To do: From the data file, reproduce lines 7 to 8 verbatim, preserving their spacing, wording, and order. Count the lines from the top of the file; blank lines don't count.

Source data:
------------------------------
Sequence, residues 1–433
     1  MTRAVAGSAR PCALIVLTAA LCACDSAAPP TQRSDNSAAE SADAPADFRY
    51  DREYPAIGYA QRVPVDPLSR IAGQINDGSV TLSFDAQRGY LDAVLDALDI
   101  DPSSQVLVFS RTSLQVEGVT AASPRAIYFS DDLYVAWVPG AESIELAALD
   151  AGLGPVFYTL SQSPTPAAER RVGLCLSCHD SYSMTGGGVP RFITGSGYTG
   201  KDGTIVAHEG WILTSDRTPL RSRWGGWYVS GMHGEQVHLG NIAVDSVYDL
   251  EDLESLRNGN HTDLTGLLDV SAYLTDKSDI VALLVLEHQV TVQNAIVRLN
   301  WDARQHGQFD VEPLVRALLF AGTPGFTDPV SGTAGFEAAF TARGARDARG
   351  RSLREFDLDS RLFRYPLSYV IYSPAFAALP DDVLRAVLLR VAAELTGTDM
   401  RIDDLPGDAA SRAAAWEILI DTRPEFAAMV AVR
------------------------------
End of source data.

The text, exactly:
   251  EDLESLRNGN HTDLTGLLDV SAYLTDKSDI VALLVLEHQV TVQNAIVRLN
   301  WDARQHGQFD VEPLVRALLF AGTPGFTDPV SGTAGFEAAF TARGARDARG